“We did let go of a few folks mostly around sales and marketing as an adjustment to market conditions,” Envelop founder and CEO Bob Berry told GeekWire.
Berry did not provide details about how many employees were let go. A LinkedIn search shows about 20 current employees at Envelop.
Founded in 2014, Envelop is specializing in virtual reality applications for the business world, allowing employees to work in a virtual environment in order to more quickly solve problems. Its “immersive computing platform” creates a virtual Windows desktop for using applications with a virtual reality headset.
I had a chance to test Envelop’s software this summer and came away impressed. It is a fascinating way to interact with desktop apps. The software lets you switch between different tabs and programs in a truly immersive world with infinite monitors inside a 3D space. You can open multiple windows, adjust their sizes, and place them anywhere you’d like.
For example, I could enlarge and move around three-dimensional charts and graphs in Microsoft Excel in a 3D space; switch quickly to a different tab and watch videos on YouTube; or do some online shopping on a site that let me view products up-close and in three dimensions. Even playing “Crossy Road” was more fun in this immersive environment.
The general idea is to help people be more productive and efficient while computing. The platform enables use cases like 3D product and data visualizations. The technology also lets developers work and create content while in their own 3D environment, eliminating the need to switch between 2D and 3D worlds during testing.
There is also mixed reality functionality that enables you to see your actual hands and devices like a keyboard or mouse while you interact in a 3D world, which can be custom-designed with various backdrops. The system uses a webcam to enable this mixed-reality functionality. This lets you take advantage of a program like Excel in its natural form with a keyboard and mouse, but also gives you new perspective with the addition of virtual reality.
But the job cuts at Envelop show the difficulty for virtual reality companies that are working with new technology, much of which has yet to reach mainstream consumers, in an unpredictable market.
It is also an increasingly competitive market. Early competitors in the space include Virtual Desktop for Rift and Vive, Valve’s Steam Desktop Theater, and the virtual desktop mode in Microsoft’s own HoloLens, which is a Windows 10 device in the form of an augmented reality headset.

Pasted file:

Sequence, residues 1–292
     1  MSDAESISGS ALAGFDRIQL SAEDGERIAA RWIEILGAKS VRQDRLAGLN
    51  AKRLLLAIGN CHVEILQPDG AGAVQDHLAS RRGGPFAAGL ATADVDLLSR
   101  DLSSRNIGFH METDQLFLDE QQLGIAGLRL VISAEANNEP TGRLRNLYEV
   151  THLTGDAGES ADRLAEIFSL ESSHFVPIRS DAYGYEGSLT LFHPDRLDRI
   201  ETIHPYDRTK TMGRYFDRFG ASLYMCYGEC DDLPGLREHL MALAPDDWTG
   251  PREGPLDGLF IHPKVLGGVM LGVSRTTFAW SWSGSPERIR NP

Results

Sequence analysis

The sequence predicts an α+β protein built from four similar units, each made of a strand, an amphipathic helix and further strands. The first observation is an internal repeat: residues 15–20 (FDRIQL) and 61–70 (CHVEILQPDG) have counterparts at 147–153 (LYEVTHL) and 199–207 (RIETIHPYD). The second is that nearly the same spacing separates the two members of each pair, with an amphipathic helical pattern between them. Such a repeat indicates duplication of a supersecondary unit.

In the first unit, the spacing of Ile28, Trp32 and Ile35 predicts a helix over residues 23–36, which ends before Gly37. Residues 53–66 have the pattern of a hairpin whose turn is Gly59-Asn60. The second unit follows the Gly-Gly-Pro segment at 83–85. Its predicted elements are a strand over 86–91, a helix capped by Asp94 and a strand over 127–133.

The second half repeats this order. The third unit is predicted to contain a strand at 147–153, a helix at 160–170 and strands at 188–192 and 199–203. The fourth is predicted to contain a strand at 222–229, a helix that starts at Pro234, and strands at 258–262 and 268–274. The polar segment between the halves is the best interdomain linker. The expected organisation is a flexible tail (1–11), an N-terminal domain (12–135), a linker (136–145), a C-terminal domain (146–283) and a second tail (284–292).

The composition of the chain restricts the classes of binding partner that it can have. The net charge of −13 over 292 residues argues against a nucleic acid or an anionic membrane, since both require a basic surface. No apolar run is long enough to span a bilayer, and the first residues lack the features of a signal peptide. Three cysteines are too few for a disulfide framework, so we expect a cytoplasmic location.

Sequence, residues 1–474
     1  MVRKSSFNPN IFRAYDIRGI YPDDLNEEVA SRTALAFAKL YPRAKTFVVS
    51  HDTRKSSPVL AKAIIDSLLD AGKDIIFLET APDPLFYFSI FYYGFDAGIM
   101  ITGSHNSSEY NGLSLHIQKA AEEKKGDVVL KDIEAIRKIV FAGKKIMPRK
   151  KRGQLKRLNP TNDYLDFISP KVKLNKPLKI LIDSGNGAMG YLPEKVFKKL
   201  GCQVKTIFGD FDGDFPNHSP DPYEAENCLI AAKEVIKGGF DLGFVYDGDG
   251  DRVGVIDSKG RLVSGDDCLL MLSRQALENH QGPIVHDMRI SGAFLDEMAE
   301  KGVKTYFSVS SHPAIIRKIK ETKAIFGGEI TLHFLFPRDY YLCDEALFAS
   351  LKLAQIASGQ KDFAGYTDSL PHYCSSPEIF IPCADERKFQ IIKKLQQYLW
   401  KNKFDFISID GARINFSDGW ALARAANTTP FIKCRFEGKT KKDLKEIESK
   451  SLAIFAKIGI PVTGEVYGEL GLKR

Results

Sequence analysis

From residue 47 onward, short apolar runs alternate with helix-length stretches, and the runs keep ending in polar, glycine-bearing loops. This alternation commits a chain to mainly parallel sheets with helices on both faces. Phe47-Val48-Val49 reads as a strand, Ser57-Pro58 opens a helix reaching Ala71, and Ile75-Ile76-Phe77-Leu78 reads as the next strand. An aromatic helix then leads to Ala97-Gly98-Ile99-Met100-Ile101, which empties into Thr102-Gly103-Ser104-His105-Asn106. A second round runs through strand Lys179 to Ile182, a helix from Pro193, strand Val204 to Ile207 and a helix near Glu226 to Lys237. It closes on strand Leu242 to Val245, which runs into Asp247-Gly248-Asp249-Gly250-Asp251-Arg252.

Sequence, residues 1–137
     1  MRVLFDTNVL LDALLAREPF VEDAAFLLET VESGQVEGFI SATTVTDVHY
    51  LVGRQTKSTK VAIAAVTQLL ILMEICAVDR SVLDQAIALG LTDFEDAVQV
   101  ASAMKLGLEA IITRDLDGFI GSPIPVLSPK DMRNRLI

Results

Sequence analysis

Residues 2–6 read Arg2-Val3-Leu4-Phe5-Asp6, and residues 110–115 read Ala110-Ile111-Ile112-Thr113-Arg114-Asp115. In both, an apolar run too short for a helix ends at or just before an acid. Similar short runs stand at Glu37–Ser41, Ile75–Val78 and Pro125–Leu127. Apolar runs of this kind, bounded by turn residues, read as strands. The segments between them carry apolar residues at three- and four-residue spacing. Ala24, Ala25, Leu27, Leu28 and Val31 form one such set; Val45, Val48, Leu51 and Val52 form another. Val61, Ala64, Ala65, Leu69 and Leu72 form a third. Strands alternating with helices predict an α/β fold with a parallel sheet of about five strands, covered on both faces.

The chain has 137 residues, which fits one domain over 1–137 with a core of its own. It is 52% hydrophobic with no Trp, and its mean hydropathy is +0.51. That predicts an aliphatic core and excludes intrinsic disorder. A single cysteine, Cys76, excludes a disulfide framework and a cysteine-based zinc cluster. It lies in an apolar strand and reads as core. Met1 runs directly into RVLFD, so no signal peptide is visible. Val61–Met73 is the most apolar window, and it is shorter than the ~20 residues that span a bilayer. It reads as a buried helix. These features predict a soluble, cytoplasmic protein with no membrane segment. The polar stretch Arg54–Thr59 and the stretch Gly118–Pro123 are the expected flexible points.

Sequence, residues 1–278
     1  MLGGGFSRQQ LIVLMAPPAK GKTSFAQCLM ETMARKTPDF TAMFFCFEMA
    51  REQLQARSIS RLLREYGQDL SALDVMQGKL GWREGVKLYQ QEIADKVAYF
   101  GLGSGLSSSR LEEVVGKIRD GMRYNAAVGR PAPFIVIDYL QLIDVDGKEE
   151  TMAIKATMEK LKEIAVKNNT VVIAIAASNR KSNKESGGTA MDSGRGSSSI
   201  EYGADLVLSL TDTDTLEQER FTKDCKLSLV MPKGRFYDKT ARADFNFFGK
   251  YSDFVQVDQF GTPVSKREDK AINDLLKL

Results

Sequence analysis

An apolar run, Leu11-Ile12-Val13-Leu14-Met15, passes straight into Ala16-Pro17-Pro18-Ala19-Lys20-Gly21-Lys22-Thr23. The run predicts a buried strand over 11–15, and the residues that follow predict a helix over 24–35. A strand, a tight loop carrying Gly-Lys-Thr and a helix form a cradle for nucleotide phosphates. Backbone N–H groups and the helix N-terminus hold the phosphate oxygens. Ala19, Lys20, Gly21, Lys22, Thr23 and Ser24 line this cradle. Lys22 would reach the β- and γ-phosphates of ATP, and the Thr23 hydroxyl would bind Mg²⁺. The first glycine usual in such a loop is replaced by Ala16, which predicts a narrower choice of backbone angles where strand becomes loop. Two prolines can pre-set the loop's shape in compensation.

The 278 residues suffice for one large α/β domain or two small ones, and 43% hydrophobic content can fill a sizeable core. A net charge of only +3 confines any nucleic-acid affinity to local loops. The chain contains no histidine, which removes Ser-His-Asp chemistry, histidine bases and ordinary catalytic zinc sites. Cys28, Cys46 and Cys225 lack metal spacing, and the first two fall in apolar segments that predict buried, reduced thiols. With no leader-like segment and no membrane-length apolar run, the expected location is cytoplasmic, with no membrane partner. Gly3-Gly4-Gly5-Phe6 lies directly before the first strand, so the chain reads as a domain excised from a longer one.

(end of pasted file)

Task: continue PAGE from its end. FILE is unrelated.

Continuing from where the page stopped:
Envelop just launched its Windows public beta in August. Berry told GeekWire in August that the company is still figuring out the most effective use cases for immersive computing. He also noted challenges with hardware, as well as selling the product to enterprise customers.
“Enterprise sales cycles are long, but when you add this new technology on top that you can’t understand until you experience it, it makes everything longer,” Berry said.
But Berry is extremely optimistic about the potential for virtual reality, particularly with immersive computing and the enterprise. He called it the “most intimate form of computing we’ve ever had.”
“When I had my first true VR presence experience two years ago, I always knew it was much bigger than just entertainment,” he said in August. “This is a fundamental as the internet itself. So while everybody is chasing the obvious like entertainment, games, and live events — which I think are fantastic — I just think there is something much bigger here. We are trying to usher in this age of immersive computing where you are breaking through the screen and entering this world of data and compute where it’s all around you versus you looking at a screen.”
Berry, who is also CEO of a Bellevue-based video game development studio called Uber Entertainment, added that the technology will enable more high bandwidth connection to the data we work with and “ultimately result in unlocking human intelligence” because of new insights from information.
“Ultimately, from just a very high-level perspective, raising the overall intelligence of humanity is a pretty noble aspiration,” he said. “But I believe that is going be enabled.”
Envelop has raised $7.5 million to date from investors like GV (Alphabet’s investment arm formerly known as Google Ventures); Madrona Venture Group; and other high-power angels like Hank Vigil, Sujal Patel, Rudy Gadre and Geoff Entress. The company was a finalist for “Startup of the Year” at this year’s GeekWire Awards. It currently has four open positions on its jobs page.